Participants in a Kaiser Permanente trial also improved key diabetes-related health metrics
Pregnant women with overweight or obesity better controlled their weight gain and improved health behaviors when they received a series of telephone sessions with a registered dietician, a new study from Kaiser Permanente finds. They were also better able manage their hormone levels related to insulin resistance, a potential precursor to diabetes.
The Gestational Weight Gain and Optimal Wellness (GLOW) trial compared women who were coached by phone with another similar group who received usual prenatal care. The results were published May 20 in The Lancet Diabetes & Endocrinology.
Excess weight gain among pregnant women with overweight or obesity substantially increases their already elevated risk for perinatal complications such as gestational diabetes, a Cesarean delivery, or a large-for-gestational-age infant.
The findings bolster the use of telephone coaching, which could be more convenient than office visits for busy pregnant women, particularly those with small children at home, said lead author Assiamira Ferrara, MD, PhD, senior research scientist at the Kaiser Permanente Northern California Division of Research.
“For this population, sometimes the intervention requires a lot of effort, such as going to a clinic for an in-person session,” Ferrara said. “If it’s easy to participate in the intervention, the adherence may be higher, and the intervention is more likely to be effective.”
The study investigators recruited pregnant members of Kaiser Permanente Northern California over age 18 and with a body mass index between 25 and 40; they randomly assigned 200 of them to the GLOW intervention and 198 to usual prenatal care.
The GLOW intervention involved 2 in-person sessions and 11 telephone sessions on behavioral strategies to manage weight and improve diet and physical activity. Its design was adapted from the national Diabetes Prevention Program behavioral intervention that was shown to reduce the risk of type 2 diabetes by 58% in high-risk women. Usual care during the trial period (2014 to 2017) involved medical visits and periodic health education newsletters.
The proportion of women exceeding the Institute of Medicine guidelines for gestational weight gain was significantly lower in the intervention group being coached by phone (48%) than in the usual care group (69%). Women who were coached gained an average of 10.21 kg (22.5 lbs) while those in usual care gained an average of 12.36 kg (27.2 lbs). The coached women also had lower caloric intake, especially from saturated fat, and less sedentary behaviors than those who had usual care.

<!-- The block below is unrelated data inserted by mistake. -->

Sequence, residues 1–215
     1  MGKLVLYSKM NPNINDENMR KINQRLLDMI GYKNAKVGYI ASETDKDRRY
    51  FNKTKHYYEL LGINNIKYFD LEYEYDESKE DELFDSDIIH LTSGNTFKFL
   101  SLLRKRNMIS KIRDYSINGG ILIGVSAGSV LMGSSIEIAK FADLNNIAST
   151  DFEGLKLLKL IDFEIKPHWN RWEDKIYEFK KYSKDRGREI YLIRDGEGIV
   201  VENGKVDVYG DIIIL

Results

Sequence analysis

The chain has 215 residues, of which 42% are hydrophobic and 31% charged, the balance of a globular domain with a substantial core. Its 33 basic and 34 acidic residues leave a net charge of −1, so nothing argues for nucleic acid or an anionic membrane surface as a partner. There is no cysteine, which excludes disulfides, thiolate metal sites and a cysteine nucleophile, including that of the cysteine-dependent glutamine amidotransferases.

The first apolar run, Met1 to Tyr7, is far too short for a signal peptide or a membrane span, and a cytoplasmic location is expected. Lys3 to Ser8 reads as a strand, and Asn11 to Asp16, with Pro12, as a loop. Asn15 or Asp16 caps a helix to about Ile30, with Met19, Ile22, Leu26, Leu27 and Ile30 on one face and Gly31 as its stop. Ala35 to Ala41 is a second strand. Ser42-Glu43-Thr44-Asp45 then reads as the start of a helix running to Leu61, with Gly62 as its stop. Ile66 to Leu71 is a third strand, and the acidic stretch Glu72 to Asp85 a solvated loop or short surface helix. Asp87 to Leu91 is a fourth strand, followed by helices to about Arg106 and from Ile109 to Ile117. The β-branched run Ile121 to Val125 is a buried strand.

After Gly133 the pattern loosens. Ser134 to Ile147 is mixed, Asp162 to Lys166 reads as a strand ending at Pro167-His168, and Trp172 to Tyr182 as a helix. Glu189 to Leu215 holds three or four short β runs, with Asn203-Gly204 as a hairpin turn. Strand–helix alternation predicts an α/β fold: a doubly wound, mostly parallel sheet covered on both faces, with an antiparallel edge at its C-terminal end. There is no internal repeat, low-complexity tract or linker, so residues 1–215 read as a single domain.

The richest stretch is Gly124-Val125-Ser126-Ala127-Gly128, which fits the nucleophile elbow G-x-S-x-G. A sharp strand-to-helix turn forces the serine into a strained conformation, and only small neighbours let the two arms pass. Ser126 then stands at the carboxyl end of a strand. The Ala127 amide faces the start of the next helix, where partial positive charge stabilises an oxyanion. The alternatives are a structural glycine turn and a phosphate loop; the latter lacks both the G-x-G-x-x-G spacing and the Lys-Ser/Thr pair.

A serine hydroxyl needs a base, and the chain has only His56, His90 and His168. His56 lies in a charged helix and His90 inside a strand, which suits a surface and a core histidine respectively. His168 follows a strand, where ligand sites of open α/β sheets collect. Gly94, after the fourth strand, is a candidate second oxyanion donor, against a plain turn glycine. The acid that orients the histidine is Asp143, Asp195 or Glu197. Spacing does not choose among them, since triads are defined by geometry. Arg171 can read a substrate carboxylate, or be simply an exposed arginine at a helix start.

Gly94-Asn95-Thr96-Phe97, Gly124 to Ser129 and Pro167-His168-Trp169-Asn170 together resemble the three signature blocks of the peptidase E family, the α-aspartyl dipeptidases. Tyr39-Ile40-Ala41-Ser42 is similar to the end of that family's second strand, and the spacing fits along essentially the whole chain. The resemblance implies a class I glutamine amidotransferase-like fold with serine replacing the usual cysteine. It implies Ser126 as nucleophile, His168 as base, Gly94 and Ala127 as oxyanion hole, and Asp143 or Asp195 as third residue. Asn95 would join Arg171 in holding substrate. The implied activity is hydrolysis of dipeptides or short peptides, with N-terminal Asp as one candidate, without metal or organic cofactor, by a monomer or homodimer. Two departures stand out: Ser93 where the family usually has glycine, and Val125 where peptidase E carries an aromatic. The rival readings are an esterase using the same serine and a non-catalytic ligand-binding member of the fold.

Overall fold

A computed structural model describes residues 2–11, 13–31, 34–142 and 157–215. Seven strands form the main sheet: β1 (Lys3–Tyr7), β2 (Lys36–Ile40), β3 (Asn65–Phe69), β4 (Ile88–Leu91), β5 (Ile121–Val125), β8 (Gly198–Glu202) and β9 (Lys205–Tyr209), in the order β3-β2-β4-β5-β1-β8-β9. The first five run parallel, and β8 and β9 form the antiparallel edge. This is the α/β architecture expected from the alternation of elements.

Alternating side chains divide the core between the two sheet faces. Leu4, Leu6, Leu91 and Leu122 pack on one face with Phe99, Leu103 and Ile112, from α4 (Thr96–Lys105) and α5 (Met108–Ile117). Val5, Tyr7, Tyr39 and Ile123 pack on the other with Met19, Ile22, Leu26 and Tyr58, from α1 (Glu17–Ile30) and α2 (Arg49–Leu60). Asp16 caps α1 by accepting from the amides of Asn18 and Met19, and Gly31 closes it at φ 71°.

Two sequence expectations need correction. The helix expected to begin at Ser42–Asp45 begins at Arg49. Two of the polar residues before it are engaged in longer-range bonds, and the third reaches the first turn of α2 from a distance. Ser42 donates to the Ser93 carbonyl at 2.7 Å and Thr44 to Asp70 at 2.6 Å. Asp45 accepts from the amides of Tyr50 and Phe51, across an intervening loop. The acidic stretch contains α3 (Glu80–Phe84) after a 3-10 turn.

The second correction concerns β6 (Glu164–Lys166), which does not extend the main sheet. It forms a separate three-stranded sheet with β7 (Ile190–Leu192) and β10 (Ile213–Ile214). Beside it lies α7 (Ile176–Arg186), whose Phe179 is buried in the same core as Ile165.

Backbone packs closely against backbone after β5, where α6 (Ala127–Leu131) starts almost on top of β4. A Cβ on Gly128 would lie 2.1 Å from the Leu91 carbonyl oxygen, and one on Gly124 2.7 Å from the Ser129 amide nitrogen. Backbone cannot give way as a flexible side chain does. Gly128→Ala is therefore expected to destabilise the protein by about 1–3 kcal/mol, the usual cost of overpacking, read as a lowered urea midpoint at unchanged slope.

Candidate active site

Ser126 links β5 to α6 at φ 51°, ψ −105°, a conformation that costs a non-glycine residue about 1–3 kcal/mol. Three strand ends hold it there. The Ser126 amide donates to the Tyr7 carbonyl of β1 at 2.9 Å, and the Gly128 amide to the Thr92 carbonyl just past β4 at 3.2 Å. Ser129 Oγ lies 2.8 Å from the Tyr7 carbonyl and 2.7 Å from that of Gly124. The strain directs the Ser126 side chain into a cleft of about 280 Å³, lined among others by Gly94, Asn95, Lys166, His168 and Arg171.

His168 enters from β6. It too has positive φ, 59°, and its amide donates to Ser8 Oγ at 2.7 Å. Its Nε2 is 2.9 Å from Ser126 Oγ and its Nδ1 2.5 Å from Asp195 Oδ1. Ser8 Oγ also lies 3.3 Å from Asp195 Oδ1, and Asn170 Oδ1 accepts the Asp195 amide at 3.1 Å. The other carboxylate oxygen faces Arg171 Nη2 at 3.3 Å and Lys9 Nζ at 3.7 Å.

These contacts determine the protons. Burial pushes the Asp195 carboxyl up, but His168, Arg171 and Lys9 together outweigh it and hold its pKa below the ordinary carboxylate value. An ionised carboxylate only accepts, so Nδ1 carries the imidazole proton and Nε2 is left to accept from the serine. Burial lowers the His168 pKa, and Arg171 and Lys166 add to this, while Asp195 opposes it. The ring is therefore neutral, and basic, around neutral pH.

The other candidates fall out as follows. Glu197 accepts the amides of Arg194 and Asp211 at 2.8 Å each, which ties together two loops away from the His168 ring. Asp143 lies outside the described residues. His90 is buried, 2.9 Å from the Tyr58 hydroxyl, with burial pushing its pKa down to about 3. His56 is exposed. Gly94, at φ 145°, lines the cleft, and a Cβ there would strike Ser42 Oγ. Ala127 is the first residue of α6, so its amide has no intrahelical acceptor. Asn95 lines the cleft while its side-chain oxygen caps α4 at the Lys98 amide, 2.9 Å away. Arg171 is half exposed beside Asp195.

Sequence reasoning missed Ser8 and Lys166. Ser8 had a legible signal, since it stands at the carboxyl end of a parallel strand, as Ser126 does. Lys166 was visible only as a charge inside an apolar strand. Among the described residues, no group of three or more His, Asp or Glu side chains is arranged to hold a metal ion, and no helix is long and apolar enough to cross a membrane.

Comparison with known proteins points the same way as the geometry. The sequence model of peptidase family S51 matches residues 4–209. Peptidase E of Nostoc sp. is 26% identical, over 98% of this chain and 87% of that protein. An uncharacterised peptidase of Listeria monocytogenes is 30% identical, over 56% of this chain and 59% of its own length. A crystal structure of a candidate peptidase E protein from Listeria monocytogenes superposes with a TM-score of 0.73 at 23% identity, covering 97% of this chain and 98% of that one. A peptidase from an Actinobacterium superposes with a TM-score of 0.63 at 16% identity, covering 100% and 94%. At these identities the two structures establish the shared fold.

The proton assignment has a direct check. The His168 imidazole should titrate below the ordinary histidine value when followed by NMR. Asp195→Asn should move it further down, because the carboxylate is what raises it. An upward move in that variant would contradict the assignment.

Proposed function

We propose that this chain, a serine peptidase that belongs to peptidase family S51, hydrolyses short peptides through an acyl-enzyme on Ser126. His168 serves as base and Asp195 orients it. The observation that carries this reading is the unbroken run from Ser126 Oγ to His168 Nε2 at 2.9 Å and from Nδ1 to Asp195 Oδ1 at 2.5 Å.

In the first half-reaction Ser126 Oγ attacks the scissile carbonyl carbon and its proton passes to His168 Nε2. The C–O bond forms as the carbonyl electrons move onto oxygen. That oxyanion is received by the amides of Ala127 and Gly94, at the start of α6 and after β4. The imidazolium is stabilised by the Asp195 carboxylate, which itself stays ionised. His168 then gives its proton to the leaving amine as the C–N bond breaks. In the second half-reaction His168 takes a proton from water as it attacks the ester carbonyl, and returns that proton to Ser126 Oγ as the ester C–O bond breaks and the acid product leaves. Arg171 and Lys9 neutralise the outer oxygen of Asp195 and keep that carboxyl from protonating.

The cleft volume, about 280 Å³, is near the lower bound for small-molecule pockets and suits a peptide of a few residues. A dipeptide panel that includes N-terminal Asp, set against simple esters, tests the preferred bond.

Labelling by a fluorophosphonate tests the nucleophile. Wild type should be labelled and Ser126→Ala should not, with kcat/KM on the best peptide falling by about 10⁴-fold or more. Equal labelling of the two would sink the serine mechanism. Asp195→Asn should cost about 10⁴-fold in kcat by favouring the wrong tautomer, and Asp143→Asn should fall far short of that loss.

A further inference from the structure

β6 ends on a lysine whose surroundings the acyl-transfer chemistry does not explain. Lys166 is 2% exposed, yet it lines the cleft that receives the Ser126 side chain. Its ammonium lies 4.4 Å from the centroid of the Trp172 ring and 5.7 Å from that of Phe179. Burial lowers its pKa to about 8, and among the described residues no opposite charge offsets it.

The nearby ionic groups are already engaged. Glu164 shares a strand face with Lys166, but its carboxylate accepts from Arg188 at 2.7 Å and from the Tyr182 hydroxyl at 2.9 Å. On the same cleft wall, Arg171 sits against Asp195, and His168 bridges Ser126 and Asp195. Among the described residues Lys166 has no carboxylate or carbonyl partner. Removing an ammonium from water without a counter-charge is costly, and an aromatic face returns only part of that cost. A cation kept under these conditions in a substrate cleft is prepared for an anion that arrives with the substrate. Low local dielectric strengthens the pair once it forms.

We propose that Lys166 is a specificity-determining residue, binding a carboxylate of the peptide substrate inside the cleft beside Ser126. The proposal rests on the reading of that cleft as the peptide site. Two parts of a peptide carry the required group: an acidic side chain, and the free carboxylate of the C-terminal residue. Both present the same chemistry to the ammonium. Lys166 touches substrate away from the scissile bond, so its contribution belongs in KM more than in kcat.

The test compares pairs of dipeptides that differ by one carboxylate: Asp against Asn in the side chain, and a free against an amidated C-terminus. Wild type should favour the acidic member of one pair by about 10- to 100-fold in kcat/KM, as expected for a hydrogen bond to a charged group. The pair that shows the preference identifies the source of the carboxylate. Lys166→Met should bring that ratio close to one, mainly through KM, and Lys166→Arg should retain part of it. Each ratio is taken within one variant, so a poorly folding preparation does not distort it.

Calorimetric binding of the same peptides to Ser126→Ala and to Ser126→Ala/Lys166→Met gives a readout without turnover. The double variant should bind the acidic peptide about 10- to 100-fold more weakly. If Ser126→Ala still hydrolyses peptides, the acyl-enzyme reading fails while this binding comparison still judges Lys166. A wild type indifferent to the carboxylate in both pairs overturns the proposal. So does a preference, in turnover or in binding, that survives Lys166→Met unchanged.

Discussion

Blood levels of key biomarkers related to diabetes were also better in the GLOW group; these included insulin, leptin, and homeostatic model assessment, an index of insulin resistance.
“The results from this rigorous trial are very strong,” said coauthor and Division of Research biostatistician Charles Quesenberry, PhD. “However, the trial did not have the statistical power to assess group differences in perinatal complications. Larger trials are needed to assess whether reducing gestational weight gain also reduces perinatal complications.”
The GLOW intervention focused on assisting women to change their health behaviors by “meeting them where they are” rather than being prescriptive, said coauthor Monique Hedderson, PhD, a research scientist with the Division of Research. “The intervention was delivered using motivational interviewing techniques, trying to get women to think about what’s possible for them. The coaching helped women set small realistic goals that were achievable and strategize to problem-solve in ways that were specific to them.”
GLOW was built on previous trials from the same research team, including the Gestational Diabetes Effects on Moms (GEM) trial, showing that telemedicine was effective in reducing gestational weight gain, postpartum weight retention, and the proportion of neonates that were large for their gestational age. Results of GEM were published in Diabetes Care in 2016 and 2018.
The research team is carrying out follow-on work testing a mobile phone app as a method to coach at-risk pregnant women with overweight and obesity to avoid excess weight gain.
Providing women with ongoing guidance on lifestyle changes towards healthy weight creates tremendous benefits to both the patient and the health care system. “By having regular, personal, and more convenient follow-up, a woman is more likely to be successful and feel supported while needing fewer office visits.”
–Kari Carlson, MD, director of regional women’s health Kaiser Permanente Northern California and The Permanente Medical Group
The GLOW trial was funded by a grant from the Eunice Kennedy Shriver National Institute of Child Health and Human Development.
Coauthors included Charles P. Quesenberry, PhD, Ai-Lin Tsai, MS, Juanran Feng, MS, and Maren Galarce, MPH, of the Division of Research; Susan D. Brown, PhD and Samantha F. Ehrlich, PhD, adjunct investigators with the Division of Research; Santica Marcovina, PhD, of the University of Washington; and Patrick Catalano, MD, of the Mother Infant Research Institute at Tufts Medical Center.
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About the Kaiser Permanente Division of Research
The Kaiser Permanente Division of Research conducts, publishes and disseminates epidemiologic and health services research to improve the health and medical care of Kaiser Permanente members and society at large. It seeks to understand the determinants of illness and well-being, and to improve the quality and cost-effectiveness of health care. Currently, DOR’s 600-plus staff is working on more than 450 epidemiological and health services research projects. For more information, visit divisionofresearch.kaiserpermanente.org or follow us @KPDOR.